|This article relies on references to primary sources. (February 2010)|
Greenbelt Alliance is a non-profit land conservation and urban planning organization that has worked in California's nine-county San Francisco Bay Area since 1958.
Greenbelt Alliance promotes the creation of walkable neighborhoods with a mix of shops, homes, and jobs near public transit. The organization encourages cities to adopt smart growth policies, to accommodate the Bay Area's increasing population while protecting open space and making the region's cities better places to live. It has been involved in the adoption of urban growth boundaries in more than 20 cities and 5 counties in the Bay Area. These boundaries draw a line to define where growth should and should not go, and are generally either adopted by voters through the initiative process, or by city councils or county boards of supervisors.
Greenbelt Alliance works to get Bay Area residents involved in their local urban planning processes and development decisions. To help people learn more about the region's open space and its cities, the organization leads hikes, farm tours, and urban walks throughout the Bay Area that are open to the public. It also endorses development proposals that meet smart growth guidelines and include homes people can afford.
- At Risk: The Bay Area Greenbelt -- A regular survey of the region's land at risk of sprawl development. The 2006 report found that 401,500 acres (1,625 km2), or 1 out of every 10 acres (40,000 m2) of land in the Bay Area, is at risk.
- Bay Area Smart Growth Scorecard -- An evaluation of the policies of all 109 cities and counties in the Bay Area to assess how well each is doing at preparing for regional growth. On average, cities scored 34%; counties scored 51%. The report won a statewide award from the American Planning Association.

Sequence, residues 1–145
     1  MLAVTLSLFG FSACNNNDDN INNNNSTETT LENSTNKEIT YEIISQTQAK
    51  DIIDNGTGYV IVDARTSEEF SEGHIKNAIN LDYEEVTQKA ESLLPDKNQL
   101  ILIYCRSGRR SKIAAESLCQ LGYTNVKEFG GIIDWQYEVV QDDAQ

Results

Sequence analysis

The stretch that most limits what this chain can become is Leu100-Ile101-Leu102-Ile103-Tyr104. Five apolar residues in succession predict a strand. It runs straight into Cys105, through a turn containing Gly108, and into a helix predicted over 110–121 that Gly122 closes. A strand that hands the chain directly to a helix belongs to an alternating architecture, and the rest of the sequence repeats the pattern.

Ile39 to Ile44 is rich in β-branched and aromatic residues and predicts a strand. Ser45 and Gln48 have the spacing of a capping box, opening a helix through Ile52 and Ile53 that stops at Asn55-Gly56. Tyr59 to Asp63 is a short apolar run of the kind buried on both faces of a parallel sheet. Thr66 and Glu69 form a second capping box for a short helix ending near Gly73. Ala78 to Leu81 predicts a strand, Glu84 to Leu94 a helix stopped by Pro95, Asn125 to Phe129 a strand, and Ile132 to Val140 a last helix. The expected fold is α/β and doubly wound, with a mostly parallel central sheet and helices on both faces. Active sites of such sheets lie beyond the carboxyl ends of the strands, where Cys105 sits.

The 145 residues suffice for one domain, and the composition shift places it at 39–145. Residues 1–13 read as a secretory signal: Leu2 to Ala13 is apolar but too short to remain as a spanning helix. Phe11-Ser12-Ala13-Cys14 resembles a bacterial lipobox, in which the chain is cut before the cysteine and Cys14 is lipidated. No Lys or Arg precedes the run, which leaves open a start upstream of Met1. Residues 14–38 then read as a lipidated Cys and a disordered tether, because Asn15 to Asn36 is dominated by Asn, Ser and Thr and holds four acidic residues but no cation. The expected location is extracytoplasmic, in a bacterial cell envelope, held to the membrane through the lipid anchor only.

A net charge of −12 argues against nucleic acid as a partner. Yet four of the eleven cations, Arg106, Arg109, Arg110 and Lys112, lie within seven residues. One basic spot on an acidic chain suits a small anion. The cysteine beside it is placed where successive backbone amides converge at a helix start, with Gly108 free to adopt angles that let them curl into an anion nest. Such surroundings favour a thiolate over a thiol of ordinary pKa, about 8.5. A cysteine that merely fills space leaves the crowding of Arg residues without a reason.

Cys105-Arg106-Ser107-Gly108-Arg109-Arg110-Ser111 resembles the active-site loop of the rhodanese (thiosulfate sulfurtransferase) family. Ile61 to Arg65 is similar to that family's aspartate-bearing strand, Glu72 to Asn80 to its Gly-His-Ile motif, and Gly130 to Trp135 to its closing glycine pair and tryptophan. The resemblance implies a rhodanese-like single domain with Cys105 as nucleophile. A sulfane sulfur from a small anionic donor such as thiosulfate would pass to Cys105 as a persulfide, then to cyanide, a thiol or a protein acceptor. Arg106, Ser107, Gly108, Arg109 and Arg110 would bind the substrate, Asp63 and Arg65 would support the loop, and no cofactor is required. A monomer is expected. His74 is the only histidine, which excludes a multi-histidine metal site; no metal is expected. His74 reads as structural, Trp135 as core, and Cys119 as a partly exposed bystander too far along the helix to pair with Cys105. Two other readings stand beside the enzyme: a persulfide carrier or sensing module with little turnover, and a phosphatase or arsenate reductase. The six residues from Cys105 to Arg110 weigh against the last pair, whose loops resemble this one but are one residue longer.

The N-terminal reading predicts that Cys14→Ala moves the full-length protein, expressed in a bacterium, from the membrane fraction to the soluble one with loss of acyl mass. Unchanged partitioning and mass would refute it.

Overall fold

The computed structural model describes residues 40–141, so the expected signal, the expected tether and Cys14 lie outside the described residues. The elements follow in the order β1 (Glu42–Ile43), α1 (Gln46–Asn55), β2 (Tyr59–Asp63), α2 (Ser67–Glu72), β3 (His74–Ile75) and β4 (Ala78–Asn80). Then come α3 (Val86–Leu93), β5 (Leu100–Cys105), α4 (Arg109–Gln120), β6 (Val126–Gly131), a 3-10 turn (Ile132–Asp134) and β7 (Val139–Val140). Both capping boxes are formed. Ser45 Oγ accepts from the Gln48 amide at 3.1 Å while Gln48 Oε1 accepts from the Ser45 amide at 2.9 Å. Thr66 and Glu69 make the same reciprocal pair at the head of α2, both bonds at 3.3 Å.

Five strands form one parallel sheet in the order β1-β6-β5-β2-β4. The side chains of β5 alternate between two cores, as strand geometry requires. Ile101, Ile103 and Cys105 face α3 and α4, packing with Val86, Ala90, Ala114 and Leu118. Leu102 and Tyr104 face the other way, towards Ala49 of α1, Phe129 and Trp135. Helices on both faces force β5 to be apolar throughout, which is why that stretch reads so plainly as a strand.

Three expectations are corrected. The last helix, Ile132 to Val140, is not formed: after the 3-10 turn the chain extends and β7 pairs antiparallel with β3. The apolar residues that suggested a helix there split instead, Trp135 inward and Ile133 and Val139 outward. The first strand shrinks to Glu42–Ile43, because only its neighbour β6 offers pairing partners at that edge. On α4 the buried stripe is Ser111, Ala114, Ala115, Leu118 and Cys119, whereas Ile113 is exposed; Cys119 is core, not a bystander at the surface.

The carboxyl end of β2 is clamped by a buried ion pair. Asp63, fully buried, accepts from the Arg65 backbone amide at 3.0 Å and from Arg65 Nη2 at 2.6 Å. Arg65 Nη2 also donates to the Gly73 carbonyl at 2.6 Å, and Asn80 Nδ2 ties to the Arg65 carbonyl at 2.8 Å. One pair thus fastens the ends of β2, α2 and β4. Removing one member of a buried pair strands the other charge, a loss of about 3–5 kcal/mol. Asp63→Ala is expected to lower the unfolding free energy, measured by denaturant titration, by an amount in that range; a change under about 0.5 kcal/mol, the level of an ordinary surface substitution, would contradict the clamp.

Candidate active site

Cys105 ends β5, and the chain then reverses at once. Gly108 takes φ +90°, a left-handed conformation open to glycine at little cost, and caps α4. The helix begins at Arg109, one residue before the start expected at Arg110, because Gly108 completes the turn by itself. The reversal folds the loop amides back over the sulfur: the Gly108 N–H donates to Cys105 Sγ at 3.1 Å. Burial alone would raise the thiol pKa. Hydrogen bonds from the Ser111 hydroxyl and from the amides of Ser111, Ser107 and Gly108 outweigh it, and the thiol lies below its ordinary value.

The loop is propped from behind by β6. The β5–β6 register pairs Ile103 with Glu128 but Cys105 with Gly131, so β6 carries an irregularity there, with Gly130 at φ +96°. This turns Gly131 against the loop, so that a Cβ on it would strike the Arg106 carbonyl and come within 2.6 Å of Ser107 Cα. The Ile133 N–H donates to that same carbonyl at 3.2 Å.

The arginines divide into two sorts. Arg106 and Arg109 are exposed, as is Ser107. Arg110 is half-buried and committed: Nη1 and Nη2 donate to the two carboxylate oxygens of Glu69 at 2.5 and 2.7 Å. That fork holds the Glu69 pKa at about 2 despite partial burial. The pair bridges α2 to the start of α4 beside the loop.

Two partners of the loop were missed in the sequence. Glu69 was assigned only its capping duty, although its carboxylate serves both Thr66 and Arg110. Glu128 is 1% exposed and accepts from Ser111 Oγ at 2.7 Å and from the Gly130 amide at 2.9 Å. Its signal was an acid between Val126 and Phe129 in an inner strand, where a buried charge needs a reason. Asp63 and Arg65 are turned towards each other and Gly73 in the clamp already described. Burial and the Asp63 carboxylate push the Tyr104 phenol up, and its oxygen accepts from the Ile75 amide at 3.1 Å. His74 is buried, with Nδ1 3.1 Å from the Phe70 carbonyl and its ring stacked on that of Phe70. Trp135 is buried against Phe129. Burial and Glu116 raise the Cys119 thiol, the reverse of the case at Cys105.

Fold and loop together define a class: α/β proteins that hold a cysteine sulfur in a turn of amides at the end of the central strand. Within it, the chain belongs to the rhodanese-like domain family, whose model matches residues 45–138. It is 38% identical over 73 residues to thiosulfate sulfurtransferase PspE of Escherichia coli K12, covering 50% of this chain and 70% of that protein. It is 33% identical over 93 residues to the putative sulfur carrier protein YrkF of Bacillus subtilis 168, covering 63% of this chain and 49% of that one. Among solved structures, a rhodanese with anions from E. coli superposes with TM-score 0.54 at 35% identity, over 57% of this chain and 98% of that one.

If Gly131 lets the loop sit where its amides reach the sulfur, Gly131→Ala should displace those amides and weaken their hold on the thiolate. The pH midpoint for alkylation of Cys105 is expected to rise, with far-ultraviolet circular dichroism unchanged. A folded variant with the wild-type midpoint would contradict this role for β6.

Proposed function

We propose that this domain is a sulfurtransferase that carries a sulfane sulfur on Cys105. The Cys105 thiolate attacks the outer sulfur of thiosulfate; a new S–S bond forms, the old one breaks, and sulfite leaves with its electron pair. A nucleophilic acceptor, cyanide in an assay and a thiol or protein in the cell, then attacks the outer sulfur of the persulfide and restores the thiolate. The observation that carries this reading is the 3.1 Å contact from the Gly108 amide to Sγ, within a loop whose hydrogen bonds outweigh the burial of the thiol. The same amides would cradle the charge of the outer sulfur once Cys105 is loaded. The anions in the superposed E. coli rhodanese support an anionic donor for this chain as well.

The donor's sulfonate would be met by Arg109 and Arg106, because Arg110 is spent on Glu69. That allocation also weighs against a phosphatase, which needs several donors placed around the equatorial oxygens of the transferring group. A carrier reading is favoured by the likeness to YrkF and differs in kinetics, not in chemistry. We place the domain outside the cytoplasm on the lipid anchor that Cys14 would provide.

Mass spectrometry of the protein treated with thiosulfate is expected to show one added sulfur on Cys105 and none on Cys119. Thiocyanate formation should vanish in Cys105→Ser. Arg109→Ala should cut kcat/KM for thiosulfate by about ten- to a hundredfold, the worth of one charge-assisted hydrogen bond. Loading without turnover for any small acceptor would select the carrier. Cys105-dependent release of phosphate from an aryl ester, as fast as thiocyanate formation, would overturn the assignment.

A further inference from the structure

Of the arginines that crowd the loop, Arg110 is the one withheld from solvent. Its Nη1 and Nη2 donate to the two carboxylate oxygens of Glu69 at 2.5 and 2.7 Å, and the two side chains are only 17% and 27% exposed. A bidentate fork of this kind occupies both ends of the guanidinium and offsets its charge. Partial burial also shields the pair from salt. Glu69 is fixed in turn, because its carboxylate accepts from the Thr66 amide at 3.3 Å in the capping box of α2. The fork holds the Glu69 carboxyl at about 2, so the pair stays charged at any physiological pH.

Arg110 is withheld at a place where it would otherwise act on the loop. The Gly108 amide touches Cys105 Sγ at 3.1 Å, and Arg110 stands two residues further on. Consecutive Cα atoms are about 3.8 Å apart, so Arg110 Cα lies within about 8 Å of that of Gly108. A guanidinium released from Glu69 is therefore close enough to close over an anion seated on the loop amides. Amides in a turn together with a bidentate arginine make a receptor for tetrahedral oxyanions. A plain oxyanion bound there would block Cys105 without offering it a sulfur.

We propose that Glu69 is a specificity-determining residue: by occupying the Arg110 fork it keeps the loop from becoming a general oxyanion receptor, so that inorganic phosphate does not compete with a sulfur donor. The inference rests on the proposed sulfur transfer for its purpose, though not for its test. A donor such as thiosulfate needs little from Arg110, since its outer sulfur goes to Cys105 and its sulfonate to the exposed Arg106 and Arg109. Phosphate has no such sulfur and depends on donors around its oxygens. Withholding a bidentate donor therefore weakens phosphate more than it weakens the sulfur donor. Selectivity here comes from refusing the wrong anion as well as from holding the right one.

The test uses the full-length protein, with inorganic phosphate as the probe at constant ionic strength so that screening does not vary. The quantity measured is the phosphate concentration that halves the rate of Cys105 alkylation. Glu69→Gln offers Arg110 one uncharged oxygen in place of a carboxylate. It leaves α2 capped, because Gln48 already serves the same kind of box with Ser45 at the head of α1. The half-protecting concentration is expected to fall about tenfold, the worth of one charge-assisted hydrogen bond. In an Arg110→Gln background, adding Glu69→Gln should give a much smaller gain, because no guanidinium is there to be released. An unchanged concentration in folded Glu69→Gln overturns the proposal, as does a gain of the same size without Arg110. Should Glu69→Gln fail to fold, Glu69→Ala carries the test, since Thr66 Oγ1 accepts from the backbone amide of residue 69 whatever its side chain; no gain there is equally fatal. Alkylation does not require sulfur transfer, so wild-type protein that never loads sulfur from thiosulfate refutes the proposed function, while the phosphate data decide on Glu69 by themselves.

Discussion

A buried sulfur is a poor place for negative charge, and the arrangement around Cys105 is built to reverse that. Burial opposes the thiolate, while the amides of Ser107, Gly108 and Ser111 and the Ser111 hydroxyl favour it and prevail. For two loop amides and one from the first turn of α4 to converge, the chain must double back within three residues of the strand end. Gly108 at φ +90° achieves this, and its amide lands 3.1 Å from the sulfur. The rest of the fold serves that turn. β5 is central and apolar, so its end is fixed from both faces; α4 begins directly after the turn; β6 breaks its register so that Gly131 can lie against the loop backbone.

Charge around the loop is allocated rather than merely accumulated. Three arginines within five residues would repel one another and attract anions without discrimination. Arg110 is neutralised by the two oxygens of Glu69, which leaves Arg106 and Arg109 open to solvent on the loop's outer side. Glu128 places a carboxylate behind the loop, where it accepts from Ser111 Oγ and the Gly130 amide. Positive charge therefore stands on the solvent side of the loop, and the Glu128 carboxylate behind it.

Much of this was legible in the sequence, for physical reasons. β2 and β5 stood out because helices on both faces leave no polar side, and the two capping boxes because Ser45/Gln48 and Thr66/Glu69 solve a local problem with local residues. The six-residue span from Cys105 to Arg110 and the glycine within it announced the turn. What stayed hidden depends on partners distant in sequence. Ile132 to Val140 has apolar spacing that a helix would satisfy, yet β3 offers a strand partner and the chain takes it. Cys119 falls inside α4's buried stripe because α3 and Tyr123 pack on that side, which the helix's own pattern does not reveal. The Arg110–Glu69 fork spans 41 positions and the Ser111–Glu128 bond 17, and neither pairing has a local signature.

- Smart Infill -- A guidebook for planners, decisionmakers, and interested residents on how to encourage good infill development—growth within existing cities to create walkable neighborhoods.
Greenbelt Alliance is involved in statewide efforts in California to fight climate change through better land use. This is based on the idea that transportation is the largest contributor of greenhouse gases, and transportation is dictated by land use. Put another way, if homes and jobs are built far apart, people will drive more, and that will have a negative impact on the Earth's climate. Greenbelt Alliance advocates for changing how cities are built—focusing new development in downtowns and around transit stations—to reduce driving and so reduce greenhouse gas emissions.
Greenbelt Alliance was founded in 1958 as an organization called Citizens for Regional Recreation and Parks. One of its first campaigns was helping to halt the filling of San Francisco Bay for development. In 1969, the organization was renamed People for Open Space to reflect the organization's additional interest in preserving ranch lands, agricultural lands, and wildlife preserves. In the 1970s, People for Open Space helped to establish a public park district called the Midpeninsula Regional Open Space District (1972), as well as Suisun Marsh (1974). It was also involved in campaigning for a regional government for the Bay Area, but was defeated in Sacramento by one vote. In 1976, People for Open Space added the goal of establishing a permanent regional greenbelt to its agenda, and in 1984 created a group called Greenbelt Congress to work on open space protection through activism and grassroots organizing.
In 1987, Greenbelt Congress and People for Open Space merged to become Greenbelt Alliance, and established a dual focus of grassroots activism and policy research. Greenbelt Alliance expanded outside San Francisco with a field office in the South Bay in 1988. In 1995, East Bay and Sonoma-Marin field offices opened their doors, and in 2001, a Solano-Napa office opened in response to growth along the Interstate 80 corridor between San Francisco and Sacramento.
In the 1990s and 2000s, Greenbelt Alliance was involved in stopping sprawl development proposals and protecting Pleasanton Ridge (1993), Bear Creek Redwoods(1999), and Cowell Ranch/John Marsh SHP (2002) as state parks or open space preserves. It helped to create the Santa Clara County Open Space Authority in 1994, and was part of defeating a freeway proposal called the Mid-State Toll Road in 1995.
Greenbelt Alliance has acted as the fiscal sponsor for several organizations, including: the Transportation and Land Use Coalition (now an independent organization); the Bay Area Open Space Council; the San Francisco Housing Action Coalition; and the Bay Area Environmental Education Resource Fair.
- Affordable housing
- Climate change
- Land use
- Mixed-use development
- New Urbanism
- Smart growth
- Transit-oriented development
- Urban planning
- Urban sprawl